Limb with moss/lichen
Winter Plumage, Non Breeding
qwaʔqwə́c̕(S’Klallum for Murrelet) Breeding Plumage
Marbled Murrelet: ENDANGERED in “browns” to
Brachyramphus marmoratus camouflage with
\ old growth trees
from predators, like ravens and hawk
(April to August)
Study pages of the black Brant goose
They feed at Dungeness Estuary on Eelgrass, some residing here in winter on their 3000-
mile migration from the Arctic to Mexico. Five countries signed agreements to protect habitat for this long distant migratory goose. The USA, Mexico, Canada, Russia, and Japan recognized ecological needs.
Could countries do this for glacier health?
Sense of Place: Estuary
25 January 2023
Dungeness Bay at sundown, as
rafts of waterfowl, gulls,
cormorants, and shorebirds come
The Olympic Mountains shine over
farmland near the Dungeness Spit
north of Sequim. The farmlands
seem "receding" like the glaciers.
The Great Blue Heron is seen most
every day in the Dungeness Bay.
Healthy smells of salt water and
decaying gooey estuary soils. It
smells like hope today.
I picked up shells and turned over a
Dungeness Crab a gull ate and
pulled an Eelgrass straight. Then
ended up putting my fingers in my
mouth while I pulled strands of hair
off my face. Salty!
Marine haze in distance. Bald
Eagle at entry to Dungeness River,
posted guard on original town piers
or just to get salmon of the
Dungeness. Pink hues of sunset.
Marine Estuary Journal Pages for Deception Glacier: Terminus Project for Olympic NP
Heather A. Wallis Murphy © 2023
The headwater rivers replenish the waters of the lower bays and estuaries. Downstream of glaciers, all the way to the mouth of their feeder rivers can be affected by the glacier’s loss with warmer water
temperatures and silting along the river channels. There will be less cold and clear water entering the
saltwater bays. It affects species at risk like Eelgrass forests, Brant goose, Dungeness Crab, the native
Olympia Oyster, and Salmon species. The marine bird, the Marbled Murrelet, brings small fish plucked
out of the Straits of Juan de Fuca, they fly inland several miles to nests in old growth forest, feeding their young. This murrelet needs cool forests and cool oceans. The S'Klallam people, and all peoples, depend on marine life for food staples.
A wirebound notebook laid open. The first page features watercolors of hummingbirds and flowers, with handwritten notes:
Rufous Hummingbird Neotropical Migrant returned
Selasphorus rufus (Latin) Colibrí Rufo (Spanish)
23 March 2023 31 May ’23 x ̣waʔxẉ tči̕ ʔí (S’Klallam)
Sequim View Cemetery Dungeness River (180’)
1 June 2023 (3000’)
Gray Wolf River
Ribes, Native Spp 2 June 2023
Described 1813 Deer Park
Deer Ridge Trail (5,233’)
S’Klallam Berries sčaʔyíqwɬ Red-flowering Current
The second page features watercolor of fences, trees, and a house. Handwritten notes:
BAOW (Hooting) RTHA NOFL 2 RBNU 2 DEJU 3 1:15 to 5:pm 1/24/23
45̊f sunny to overcast
HABITAT: FARMLAND/PRAIRIE Original Machenheimer Homestead
at end of road.
Barn, 2nd Farm, Gray-Brown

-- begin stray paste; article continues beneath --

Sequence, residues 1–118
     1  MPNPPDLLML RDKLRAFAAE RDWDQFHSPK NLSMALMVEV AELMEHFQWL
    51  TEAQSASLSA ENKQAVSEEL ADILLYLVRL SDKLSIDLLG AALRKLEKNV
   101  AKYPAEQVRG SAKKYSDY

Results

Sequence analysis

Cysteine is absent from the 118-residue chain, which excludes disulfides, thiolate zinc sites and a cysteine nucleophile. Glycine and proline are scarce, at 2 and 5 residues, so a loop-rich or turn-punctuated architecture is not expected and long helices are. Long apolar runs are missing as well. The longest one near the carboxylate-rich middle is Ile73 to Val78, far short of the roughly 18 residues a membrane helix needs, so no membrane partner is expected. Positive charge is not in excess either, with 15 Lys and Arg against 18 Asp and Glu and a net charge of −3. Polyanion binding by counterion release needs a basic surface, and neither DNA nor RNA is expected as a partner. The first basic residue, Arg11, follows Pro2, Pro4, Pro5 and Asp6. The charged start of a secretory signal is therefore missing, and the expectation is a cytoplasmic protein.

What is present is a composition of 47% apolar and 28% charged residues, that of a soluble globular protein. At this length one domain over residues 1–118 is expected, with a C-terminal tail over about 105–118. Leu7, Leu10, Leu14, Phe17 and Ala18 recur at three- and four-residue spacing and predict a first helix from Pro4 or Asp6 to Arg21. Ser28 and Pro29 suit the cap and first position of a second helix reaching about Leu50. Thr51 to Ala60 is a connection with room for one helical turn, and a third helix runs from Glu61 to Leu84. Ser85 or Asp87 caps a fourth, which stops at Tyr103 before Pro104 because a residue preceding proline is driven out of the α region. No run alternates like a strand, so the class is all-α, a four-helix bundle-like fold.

Yellow Green Moss on Boards; Blue Yellow Lichen; Gray Cedar Posts; Yellow Brown Pasture;
Deep Green Forests D-Fir, Orange Sienna Tail RTHA
Machenheimer Homestead: late 1800’s early 1900’s.
“Lost Mountain Road” on Lt. Oneils 1885 Map.
Gray Brown Siding
Old Apple Orchard. Still Alive in Dormancy
In the field with Tim McNulty to see his neighborhood homesteads that around 1890 were my great-grandfather’s cousins, the Machenheimer-
Nestles (1888 to 1892 to 1934 FAMILY).
24 January, 2023
Prairies, Farmlands and Cultural Ecosystems Journal Pages
Deception Glacier: Terminus Project for Olympic NP
Heather A. Wallis Murphy © 2023
The Soul of the Land or the Cultural Ecosystems holds the spirit of we humans across all landscapes and ecosystems. The habitats the Deception Glacier feed are the original homes and lands of the Jamestown S’Klallam peoples. The S’Klallam describe the Cultural Ecosystems as “Humans are integral to, rather than separate from the natural world. A relationship between these landscapes require human involvement with them if they are to continue to exist. S’Klallam Tribes have cultivated ecosystems of the North Olympic Peninsula, Whidbey, San Juan and Vancouver Island since time immemorial. These ecosystems range from mountain meadows, and prairies to wetlands and beaches.” (Excerpted from the Jamestown S’Klallam website https://sklallamtraditionalfoods.weebly.com/ )
Prairie lands and farmlands are inhabited with year-round dwellings. Doing research on the downstream watersheds for the Deception Glacier, I found an historic note in our family records. It described a community dance on Lost Mountain Road at the home of my great-grandfather’s uncle. With help from a friend that lives in that area, I was able to track down the two homesteads of my now distant relatives. On 24 January 2023 I made a sketch page with “color squares” of the historic homesteads. My father grew up in Port Angeles, he talked about going on hayrides with his cousins in the mountains above Sequim. He also spoke of learning the ways of the woods from native people he met on the trails, while fishing, at school, and at work. I do not know the interactions of the times when my early ancestors arrived to farm the land that was of the S’Klallam people. But me and my family can honor the original peoples today.
The Rufous Hummingbird is a good representative of joining people together with various cultures. They migrate from their nonbreeding range in Mexico north to nest in Washington State and up to Alaska. They have one of the longest migrations of any bird in the world. Yet, they provide us humans with joy and visual entertainment, as “flying jewels.” Hummingbirds have legends throughout the lands they visit. As a little girl in our home on Deer Park Road, the Rufous Hummingbird was my first- ever bird identified. Perhaps it was the start of my career in wildlife biology? It holds a dear place in my heart and will always remind me of my Olympic Peninsula family.
The Olympic glaciers are melting and retreating, reducing the quantity of water available to all habitats downstream. There will be higher water temperatures in the river and stream, since they will no longer be glacier-fed. How will the hummingbird adjust? It arrives to feed on bursting willow buds in the low elevation shorelines in March, moving and ascending to the alpine flowers along snowfields and streams in July. How will the farmlands, the native prairies and we humans adjust? Like honoring the people, we may also choose to honor glaciers.